Greg responds...

Where do I start?

Okay, let me start with the Oath-recommendations. I have found that I don't enjoy most fantasy fiction books. Isn't that surprising? It surprises me. Among other reasons, it may have something to do with envy. (I don't like admitting that, but it's true.) But I also like to keep my head generally clear of other people's ideas. I just prefer reading detective fiction, for some reason. But if I do decide to read fantasy again, I'll keep your recommendations in mind.

As for Demona... I like to believe that she is a complex character with complex motivations. That she is "human" enough to have inconsistencies. Yes, she tells herself she wants all humans dead, but in fact she isn't always ready to act on those feelings. Also, you need to keep in mind that the Demona of the late 20th century is not the same Demona of the early 11th century. She'd gone through a lot in the interrum that changed her, hardened her.

Likewise, she tells herself that she wants corrupted Gargoyles out of the way. But when push comes to shove, she's not prepared to sacrifice her daughter. So when you say things like: "That made no sense." All I can do is disagree with you and say it made sense to me.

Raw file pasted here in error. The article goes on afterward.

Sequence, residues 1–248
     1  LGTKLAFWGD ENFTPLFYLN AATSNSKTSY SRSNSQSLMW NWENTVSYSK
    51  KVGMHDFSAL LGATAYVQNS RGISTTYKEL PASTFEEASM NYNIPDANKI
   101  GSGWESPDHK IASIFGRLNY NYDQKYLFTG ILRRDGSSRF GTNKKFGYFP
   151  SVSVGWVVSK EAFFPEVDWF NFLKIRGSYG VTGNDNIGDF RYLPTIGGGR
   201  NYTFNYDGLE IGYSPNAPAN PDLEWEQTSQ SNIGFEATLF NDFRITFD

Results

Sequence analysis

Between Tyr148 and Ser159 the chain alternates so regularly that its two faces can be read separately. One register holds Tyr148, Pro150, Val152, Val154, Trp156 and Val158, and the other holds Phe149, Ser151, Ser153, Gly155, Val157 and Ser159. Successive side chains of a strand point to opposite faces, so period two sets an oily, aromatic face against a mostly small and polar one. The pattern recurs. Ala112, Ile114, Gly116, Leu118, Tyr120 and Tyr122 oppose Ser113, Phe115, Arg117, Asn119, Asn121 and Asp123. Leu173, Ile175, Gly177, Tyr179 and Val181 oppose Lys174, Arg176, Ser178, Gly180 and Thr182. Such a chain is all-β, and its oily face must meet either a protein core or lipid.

And there are all kinds of "insane". Demona fits a definition, certainly. But of course, it's not like she's brain-dead.

Some of what you write sounds right to me -- or at least in the ballpark. But I don't agree with your assessment of Canmore really. And I don't agree that Demona could have just killed him easily as a child without repercussions. Even Macbeth felt he couldn't kill the kid without repercussions. And I tend to agree with him.

Obviously there were repercussions for NOT killing the kid too. But you roll the dice, you know?

As for Demona often if not always sewing (sowing?) the seeds of her own defeat. Why, yes, she sort of does. I don't think she consciously thought she was giving Goliath the info he needed to stop her. But she did. She's a conflicted character. I think that's what makes her so fascinating to so many people.

Response recorded on April 06, 2005

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Chaos9001 writes...

Hey greg

love the show(obviously) but i have a question, if Fang was cooped up with demona for at least five weeks by the day that it showed on screen demona changing form, why did he looked so shocked when she turned human?

Greg responds...

I don't think he looked shocked. It may have taken him five weeks to come up with a funny line.